Getting a handle on wildfires may be key to saving greater sage-grouse


Wildfires are putting a bit hit on greater sage-grouse populations. Photo via USFWS.

Current wildfire trends could cut sage grouse populations dramatically

Staff Report

Slowing the spiral of growing wildfires may be crucial to protecting greater sage-grouse during the next 30 years, U.S. Geological Survey researchers said after comparing wildfire, precipitation and sage grouse population trends.

Cutting destructive fires near key habitat areas would be most beneficial and could even help sage grouse populations rebound, the scientists concluded.

The new study  projects that, if the current trend in wildfire continues unabated, sage grouse populations will continue to plummet — by as much as half by the mid-1940s. The models used by the scientists  simulated different post-fire recovery times for sagebrush habitats based on soil attributes — soil moisture and temperature maps — that strongly influence resilience to wildfire and resistance to invasive grass species. Continue reading

Rare black-capped petrels may get endangered status

A petrel soars above the waters of the Drake Passage, between Tierra del Fuego and Antarctica.

Petrels are risk from oil spills. @bberwyn photo.

Deal with conservation group may help speed listing decision

By Bob Berwyn

FRISCO — Conservation advocates say a rare Atlantic seabird has moved one step closer to gaining endangered species protection under a settlement with the U.S. Fish and Wildlife Service. The agreement with the Center for Biological Diversity gives the federal agency until Sept. 2018 tod decide whether the black-capped petrel — once thought to be extinct — will be protected under the Endangered Species Act. The agreement follows a lawsuit filed by the Center this summer.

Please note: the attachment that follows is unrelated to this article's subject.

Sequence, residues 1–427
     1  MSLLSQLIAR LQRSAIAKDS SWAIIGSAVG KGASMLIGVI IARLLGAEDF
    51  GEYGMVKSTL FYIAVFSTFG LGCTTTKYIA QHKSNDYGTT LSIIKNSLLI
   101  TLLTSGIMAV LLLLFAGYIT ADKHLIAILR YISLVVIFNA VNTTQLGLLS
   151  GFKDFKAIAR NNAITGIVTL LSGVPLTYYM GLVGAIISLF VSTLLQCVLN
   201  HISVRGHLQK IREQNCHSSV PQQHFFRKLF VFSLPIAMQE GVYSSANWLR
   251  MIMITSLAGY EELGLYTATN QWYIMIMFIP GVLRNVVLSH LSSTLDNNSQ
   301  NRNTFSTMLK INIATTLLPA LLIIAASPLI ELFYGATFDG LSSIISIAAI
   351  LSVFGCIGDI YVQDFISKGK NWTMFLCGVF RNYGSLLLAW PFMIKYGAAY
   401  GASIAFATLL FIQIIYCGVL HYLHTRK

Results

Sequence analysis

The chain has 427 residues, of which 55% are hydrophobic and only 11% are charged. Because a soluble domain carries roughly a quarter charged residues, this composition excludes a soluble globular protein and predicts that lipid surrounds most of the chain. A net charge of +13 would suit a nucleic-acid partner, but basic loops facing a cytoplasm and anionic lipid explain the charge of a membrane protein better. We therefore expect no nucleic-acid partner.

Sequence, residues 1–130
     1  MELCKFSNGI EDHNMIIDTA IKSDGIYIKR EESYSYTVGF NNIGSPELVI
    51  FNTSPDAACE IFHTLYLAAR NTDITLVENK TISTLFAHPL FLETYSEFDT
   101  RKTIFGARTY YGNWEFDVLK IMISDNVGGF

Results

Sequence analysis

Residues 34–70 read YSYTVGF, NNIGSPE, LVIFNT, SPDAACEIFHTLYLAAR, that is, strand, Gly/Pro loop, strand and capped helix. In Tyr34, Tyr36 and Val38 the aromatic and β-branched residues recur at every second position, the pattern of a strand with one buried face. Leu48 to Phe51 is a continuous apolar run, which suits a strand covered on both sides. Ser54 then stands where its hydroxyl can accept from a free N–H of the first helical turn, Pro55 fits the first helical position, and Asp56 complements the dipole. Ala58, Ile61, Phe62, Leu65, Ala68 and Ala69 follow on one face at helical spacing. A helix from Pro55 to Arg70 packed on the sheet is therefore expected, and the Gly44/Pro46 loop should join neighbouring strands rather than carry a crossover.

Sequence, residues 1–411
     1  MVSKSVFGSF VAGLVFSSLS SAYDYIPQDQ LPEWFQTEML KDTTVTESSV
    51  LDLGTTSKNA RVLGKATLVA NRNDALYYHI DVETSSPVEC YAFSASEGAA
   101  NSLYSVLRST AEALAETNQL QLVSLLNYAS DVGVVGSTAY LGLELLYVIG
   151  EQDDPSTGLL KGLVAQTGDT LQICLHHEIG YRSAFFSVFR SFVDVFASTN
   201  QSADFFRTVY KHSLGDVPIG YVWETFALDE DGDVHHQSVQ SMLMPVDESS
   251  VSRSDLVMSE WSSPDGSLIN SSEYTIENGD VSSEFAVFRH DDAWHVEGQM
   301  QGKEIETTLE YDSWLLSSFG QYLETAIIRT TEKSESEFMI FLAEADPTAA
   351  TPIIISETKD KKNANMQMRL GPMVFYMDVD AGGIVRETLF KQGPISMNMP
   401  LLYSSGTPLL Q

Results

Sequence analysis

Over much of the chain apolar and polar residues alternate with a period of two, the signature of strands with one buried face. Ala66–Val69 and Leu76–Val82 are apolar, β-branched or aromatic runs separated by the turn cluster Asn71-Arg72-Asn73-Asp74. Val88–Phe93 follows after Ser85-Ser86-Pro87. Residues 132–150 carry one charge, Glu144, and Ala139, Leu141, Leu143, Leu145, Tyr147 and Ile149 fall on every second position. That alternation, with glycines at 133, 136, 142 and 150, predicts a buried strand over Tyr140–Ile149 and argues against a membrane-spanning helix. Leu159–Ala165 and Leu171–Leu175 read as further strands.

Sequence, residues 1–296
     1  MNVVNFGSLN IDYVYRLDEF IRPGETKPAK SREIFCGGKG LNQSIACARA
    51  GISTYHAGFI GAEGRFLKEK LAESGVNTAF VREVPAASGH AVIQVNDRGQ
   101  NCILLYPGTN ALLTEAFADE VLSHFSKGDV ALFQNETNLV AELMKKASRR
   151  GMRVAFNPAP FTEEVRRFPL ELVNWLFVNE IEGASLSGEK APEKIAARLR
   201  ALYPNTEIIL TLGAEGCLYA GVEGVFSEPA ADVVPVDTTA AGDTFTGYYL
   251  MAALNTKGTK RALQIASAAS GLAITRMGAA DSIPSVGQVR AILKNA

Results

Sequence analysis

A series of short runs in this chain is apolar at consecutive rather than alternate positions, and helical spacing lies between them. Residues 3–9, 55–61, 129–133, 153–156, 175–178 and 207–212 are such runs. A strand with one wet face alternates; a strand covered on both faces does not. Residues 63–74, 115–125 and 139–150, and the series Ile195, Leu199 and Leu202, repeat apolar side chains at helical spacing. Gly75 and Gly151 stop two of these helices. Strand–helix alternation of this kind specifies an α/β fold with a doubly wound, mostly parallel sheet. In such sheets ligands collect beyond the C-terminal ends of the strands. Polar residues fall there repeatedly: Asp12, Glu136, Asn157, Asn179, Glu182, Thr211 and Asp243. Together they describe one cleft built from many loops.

“Black-capped petrels need Endangered Species Act protection, particularly given new offshore oil exploration in the Atlantic,” said Jaclyn Lopez, Florida director at the Center. “Petrels have a deadly attraction to oily surfaces, so this long-overdue determination could come just in time to prevent their extinction.” Continue reading

Feds to boost protection for Florida manatees


Manatees at Crystal River National Wildlife Refuge. @bberwyn photo.

U.S. Fish and Wildlife Service proposes strict limits on commercial access to key winter manatee habitat

Staff Report

FRISCO — The U.S. Fish and Wildlife Service hopes to better protect endangered manatees with new rules at the Crystal River National Wildlife Refuge.

With record numbers of manatees wintering in Three Sisters Springs, and substantial increases in the number of people wanting to see the marine mammals in their natural habitat, the rules are needed to limit the potential for “viewing-related disturbance,” according to refuge manager Andrew Gude.

“Three Sisters Springs is among the top three most frequented springs by manatees in the world,” Gude said in a press release. “It is also the only confined-water body in the United States open to the public while wintering manatees are present. Understandably, more manatees in the springs attract more people who wish to experience them up close,” Gude said. Continue reading